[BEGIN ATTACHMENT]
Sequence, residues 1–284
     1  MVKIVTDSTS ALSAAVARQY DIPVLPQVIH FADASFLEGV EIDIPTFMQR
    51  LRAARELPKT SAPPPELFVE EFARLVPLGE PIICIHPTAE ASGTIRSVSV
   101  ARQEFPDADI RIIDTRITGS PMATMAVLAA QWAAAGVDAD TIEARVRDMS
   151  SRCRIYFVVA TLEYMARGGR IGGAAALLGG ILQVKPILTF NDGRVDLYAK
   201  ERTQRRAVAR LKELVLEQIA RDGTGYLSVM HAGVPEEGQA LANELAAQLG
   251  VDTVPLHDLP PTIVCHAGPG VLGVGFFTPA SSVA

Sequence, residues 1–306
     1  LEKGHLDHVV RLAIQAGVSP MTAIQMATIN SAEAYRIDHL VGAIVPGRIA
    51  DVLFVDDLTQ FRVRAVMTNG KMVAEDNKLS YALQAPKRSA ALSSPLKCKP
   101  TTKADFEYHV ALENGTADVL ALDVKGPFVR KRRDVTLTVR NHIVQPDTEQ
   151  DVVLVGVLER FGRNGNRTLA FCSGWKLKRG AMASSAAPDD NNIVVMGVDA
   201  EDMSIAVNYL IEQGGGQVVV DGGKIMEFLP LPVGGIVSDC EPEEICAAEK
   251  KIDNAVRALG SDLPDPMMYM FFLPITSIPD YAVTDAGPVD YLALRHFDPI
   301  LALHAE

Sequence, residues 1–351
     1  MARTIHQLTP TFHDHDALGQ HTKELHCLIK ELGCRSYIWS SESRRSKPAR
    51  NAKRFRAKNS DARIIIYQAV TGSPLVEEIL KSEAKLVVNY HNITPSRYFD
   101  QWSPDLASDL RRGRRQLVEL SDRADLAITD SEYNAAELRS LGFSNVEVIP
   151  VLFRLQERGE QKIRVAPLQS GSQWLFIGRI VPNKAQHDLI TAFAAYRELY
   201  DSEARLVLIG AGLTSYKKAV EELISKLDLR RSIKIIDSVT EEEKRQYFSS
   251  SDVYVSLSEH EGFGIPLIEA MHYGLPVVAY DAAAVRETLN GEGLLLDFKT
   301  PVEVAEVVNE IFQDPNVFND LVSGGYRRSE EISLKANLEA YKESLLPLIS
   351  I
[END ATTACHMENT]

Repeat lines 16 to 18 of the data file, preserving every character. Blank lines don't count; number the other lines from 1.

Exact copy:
Sequence, residues 1–351
     1  MARTIHQLTP TFHDHDALGQ HTKELHCLIK ELGCRSYIWS SESRRSKPAR
    51  NAKRFRAKNS DARIIIYQAV TGSPLVEEIL KSEAKLVVNY HNITPSRYFD